Russia Reform Monitor No. 2289

Related Categories: Democracy and Governance; Human Rights and Humanitarian Issues; Intelligence and Counterintelligence; Middle East; Russia

New details have surfaced regarding the recent espionage-related detention of American citizen and ex-Marine Paul Whelan in Moscow. Russian news agency Rosbalt has reported that Whelan met with a Russian citizen in the lobby of Moscow's famous Metropol Hotel, where he received a flash drive that allegedly contained contact information for Russian security service employees. He was arrested immediately afterward, caught "red-handed" with state secrets, in the words of Russian Foreign Minister Sergei Lavrov. Whelan's lawyer maintains his client's innocence, reiterating that Whelan only traveled to Russia to attend a wedding and that he believed the flash drive contained innocuous travel images. The strange circumstances of Whelan's arrest and detention have prompted speculation that the Kremlin is seeking payback or even a prisoner swap for Russian agent Maria Butina, who pleaded guilty to conspiracy charges in a DC court in December.

However, Daniel Hoffman, the former CIA station chief in Moscow, sees a more nefarious purpose behind the fabricated charges. He contends that Whelan's arrest was designed by Russian intelligence operatives – likely at President Vladimir Putin's explicit direction – in order to "ramp up political hype" about Butina's case in DC and foment divisions in Congress, where the House of Representatives is newly controlled by Democrats. (NPR, January 22, 2019; The Washington Times, January 23, 2019)

New details are emerging about the extent of the renewed anti-LGBT campaign now being waged by authorities in Russia's republic of Chechnya. Activists have charged that local officials have demanded that family members kill outright relatives who happen to be homosexual, transgender or bisexual. "Chechen authorities demanded that relatives punish their gay family members by executing them,"" one of human rights campaigner told The Daily Beast. "Several people who managed to escape have been raped with police clubs and tortured with electricity." Another has revealed that local police have taken to extorting the families of LGBT individuals, demanding as much as 1 million rubles ($15,000) to avoid punishment and public disclosure. (The Daily Beast, January 18, 2019)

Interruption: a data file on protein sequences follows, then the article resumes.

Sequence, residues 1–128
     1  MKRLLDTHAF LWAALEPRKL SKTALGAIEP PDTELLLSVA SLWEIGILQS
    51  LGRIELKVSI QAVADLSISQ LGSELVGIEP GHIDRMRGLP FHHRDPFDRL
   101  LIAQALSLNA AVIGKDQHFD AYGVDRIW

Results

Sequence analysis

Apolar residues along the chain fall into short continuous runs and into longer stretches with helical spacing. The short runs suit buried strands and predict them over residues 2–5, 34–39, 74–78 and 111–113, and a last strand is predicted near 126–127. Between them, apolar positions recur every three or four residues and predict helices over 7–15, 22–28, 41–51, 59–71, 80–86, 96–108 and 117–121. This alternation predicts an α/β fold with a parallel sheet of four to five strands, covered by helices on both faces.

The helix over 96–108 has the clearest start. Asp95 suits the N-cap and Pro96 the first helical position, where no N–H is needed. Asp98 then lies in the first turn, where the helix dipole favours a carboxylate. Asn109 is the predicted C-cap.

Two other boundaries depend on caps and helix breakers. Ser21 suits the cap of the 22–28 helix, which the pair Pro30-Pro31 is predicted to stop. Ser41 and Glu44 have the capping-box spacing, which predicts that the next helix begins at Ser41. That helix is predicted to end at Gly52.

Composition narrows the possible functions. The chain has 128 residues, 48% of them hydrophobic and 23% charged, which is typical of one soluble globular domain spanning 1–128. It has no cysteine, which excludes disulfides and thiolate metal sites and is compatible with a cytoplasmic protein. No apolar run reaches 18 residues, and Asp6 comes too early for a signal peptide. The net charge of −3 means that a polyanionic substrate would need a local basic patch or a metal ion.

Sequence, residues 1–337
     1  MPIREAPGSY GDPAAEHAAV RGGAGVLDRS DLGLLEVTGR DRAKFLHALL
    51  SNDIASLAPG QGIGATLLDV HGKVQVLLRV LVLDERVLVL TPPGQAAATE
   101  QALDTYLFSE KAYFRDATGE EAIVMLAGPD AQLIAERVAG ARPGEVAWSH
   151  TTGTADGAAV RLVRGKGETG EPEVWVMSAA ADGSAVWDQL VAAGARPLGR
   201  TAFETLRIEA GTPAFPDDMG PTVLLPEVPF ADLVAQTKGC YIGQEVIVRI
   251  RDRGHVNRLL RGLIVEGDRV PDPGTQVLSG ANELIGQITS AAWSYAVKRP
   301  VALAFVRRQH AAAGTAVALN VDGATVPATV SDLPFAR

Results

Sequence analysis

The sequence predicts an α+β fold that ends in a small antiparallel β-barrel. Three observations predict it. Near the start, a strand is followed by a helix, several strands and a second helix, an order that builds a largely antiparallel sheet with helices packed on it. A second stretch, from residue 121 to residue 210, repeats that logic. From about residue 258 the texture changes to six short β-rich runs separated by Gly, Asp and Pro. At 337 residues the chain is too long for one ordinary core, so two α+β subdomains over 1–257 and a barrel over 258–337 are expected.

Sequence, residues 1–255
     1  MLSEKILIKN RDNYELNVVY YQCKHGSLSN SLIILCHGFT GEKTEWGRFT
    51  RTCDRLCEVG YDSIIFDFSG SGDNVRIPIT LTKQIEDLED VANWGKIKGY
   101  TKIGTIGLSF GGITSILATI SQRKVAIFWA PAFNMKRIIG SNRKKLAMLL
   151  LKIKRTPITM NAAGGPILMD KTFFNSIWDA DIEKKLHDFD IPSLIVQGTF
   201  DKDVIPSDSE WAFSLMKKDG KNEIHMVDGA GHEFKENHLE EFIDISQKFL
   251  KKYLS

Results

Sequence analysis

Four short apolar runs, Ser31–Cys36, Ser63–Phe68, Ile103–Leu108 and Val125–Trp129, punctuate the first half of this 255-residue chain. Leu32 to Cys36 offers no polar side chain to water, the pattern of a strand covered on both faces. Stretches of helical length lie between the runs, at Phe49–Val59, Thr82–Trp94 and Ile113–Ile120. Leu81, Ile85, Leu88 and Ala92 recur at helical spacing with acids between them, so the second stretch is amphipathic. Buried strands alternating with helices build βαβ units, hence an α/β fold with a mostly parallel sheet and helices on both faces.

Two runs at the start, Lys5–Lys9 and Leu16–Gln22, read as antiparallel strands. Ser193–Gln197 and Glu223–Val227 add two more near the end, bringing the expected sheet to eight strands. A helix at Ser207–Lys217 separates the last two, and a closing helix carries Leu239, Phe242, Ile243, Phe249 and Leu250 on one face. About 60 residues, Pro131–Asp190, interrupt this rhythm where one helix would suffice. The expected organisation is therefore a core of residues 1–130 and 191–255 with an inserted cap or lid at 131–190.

Are Russia and the United States on a collision course? American officials don't think so - but they acknowledge the growing difficulty of tamping down tensions between the two countries. In remarks before the World Economic Forum in Davos, Switzerland, Secretary of State Mike Pompeo insisted that Moscow and Washington are not "doomed to a Cold War rivalry," but that "it has been a struggle" to reduce the risk of confrontation with Vladimir Putin’s Russia. According to Pompeo, whether the Russian government changes "its outlook and behavior" will determine whether the two countries can forge a constructive working relationship, moving forward. Should Russia "return to the right course of actions... that lead them down the path of the rule of law and order and liberty," Pompeo said, "our two nations can prosper and grow alongside of each other. We are not destined to be antagonists." (Radio Free Europe/Radio Liberty, January 23, 2019)

On January 29th, Director of National Intelligence Daniel Coats testified before Congress regarding global challenges confronting the United States. Russia figured prominently in the Director's statement for the record, which warned that the Kremlin's successes in supporting the Assad regime in Syria have set the stage for even greater Russian activism in North Africa and the Middle East. According to the study, Russia now has "heightened confidence," and is seeking "to boost its military presence and political influence in the Mediterranean and Red Seas, increase its arms sales, expand information operations in Europe, and mediate conflicts, including engaging in the Middle East Peace Process and Afghanistan reconciliation."

Here, Russian perceptions of U.S. weakness and disengagement play a significant role. "Russia seeks to capitalize on perceptions of US retrenchment and power vacuums, which it views the United States is unwilling or unable to fill, by pursuing relatively low-cost options, including influence campaigns, cyber tools, and limited military interventions," the study notes. (Office of the Director of National Intelligence, January 29, 2019)